Austria, Romania in dispute over multibillion-dollar Black Sea gas fieldReading Time: 2 minutes
A gas project off Romania’s coast in the Black Sea has become the centre of a dispute between the country and its Central and Eastern Europe (CEE) neighbour Austria.
The diplomatic standoff involves geopolitical and energy issues around the Neptun Deep gasfield, and also Austria’s steadfast opposition to Romania’s entry to the Schengen area, a border-free travel zone.
Austrian energy company OMV is involved in the strategically important Neptun Deep gasfield, which from 2027 could yield 10bn m3 gas per year. OMV and the Romanian state each own 50% of Neptun Deep.
OMV goes legal over dispute
Romanian Prime Minister Marcel Ciolacu says his government will not amend its own law governing offshore gas sales, as long as Austria blocks Romania’s Schengen entry.
The standoff has already led to OMV taking Romania to an international arbitration court after it modified the law, which gives the government veto powers over private contracts in emergency situations.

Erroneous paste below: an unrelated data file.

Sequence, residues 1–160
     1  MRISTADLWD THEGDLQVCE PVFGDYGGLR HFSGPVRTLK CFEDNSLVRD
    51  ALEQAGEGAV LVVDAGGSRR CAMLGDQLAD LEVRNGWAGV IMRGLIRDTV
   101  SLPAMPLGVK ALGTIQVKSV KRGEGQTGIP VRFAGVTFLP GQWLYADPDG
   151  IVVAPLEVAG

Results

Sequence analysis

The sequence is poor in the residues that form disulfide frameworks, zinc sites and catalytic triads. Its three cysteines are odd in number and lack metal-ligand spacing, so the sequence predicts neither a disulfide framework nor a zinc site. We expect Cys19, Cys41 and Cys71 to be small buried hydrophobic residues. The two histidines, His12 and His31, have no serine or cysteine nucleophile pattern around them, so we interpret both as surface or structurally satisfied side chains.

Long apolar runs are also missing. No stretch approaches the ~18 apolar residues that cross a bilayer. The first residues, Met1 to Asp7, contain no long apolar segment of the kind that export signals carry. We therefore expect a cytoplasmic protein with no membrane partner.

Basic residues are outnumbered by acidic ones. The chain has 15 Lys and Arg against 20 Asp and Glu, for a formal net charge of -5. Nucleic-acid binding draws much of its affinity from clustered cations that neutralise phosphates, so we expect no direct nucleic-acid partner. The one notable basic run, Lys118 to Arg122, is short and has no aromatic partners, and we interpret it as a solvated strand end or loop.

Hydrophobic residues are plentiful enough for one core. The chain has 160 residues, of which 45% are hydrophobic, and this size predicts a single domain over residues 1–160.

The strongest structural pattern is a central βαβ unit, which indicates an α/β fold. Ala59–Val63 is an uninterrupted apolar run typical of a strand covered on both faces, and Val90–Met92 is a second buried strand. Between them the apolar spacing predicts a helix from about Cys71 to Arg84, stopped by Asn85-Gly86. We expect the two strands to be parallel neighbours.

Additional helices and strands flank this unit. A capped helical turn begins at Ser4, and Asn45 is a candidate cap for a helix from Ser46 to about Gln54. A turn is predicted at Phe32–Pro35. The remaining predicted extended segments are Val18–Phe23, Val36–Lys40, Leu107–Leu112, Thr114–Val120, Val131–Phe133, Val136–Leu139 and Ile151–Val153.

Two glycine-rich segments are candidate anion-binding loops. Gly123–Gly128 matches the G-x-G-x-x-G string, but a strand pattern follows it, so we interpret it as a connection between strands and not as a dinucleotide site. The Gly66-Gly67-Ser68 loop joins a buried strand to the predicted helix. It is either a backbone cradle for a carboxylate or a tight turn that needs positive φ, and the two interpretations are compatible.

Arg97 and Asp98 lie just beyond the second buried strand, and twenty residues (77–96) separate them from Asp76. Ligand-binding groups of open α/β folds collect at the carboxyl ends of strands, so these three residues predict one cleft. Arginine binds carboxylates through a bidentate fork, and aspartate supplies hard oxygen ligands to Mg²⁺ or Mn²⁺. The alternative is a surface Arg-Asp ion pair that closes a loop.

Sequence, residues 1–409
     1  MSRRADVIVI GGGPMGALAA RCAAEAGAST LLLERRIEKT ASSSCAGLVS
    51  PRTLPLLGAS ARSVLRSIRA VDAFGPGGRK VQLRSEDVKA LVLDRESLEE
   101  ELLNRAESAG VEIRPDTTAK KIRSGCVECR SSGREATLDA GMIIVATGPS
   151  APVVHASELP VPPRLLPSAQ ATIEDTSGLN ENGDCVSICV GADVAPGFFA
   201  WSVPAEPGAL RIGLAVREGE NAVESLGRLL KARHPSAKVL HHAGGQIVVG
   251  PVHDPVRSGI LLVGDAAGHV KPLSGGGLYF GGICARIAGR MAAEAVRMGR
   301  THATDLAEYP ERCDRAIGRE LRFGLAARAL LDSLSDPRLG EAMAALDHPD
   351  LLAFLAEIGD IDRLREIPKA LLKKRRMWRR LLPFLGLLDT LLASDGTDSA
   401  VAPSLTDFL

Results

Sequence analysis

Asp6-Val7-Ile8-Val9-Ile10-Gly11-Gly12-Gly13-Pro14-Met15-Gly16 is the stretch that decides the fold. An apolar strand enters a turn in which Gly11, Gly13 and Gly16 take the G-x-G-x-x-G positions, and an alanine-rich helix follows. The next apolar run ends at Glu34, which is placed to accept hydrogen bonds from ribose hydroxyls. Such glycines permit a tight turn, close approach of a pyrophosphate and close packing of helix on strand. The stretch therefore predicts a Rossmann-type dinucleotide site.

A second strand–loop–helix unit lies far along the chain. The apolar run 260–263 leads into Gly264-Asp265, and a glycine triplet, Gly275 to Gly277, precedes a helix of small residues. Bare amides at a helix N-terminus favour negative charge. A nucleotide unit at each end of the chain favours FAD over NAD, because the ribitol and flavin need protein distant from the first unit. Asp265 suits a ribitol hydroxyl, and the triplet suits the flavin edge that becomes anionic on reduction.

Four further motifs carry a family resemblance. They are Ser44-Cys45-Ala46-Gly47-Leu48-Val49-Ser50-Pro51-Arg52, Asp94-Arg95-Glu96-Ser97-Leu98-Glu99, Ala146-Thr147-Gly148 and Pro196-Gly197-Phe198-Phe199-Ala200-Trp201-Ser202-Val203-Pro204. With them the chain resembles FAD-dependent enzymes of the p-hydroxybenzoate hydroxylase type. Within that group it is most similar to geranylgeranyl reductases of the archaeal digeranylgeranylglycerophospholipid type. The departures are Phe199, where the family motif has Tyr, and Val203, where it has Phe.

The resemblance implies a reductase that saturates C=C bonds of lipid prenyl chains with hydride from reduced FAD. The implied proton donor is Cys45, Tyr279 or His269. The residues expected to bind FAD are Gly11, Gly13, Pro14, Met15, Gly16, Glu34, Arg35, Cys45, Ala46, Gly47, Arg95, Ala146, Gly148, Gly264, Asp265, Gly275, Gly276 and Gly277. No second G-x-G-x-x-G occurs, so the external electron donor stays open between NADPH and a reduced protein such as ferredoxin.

Ciolacu has threatened to sue Austria to court for up to 2% of Romania’s economic output in damages, after being kept outside Schengen for over a decade beyond its initial accession date.
Romanian Energy Minister Sebastian Burduja said the dispute should not be viewed as “tit for tat” but also suggested that Austria’s veto was politically motivated.
Romania secure regarding Neptun’s future
The company believes that the future of Neptun Deep, which represents a USD 4bn investment to cut dependence on Russian gas, is secured due to its critical role in Romanian and EU energy security. However, the ongoing war in Ukraine could disrupt construction, which is scheduled to begin next year, ahead of the operational target date of 2027.
Romania argues that the project is crucial for regional security and energy diversification, emphasizing its significance for the entire region, including Austria.
OMV, which employs around 8,000 people in Romania, has reportedly lobbied the Austrian government in private for Romanian and Bulgarian accession to the Schengen area.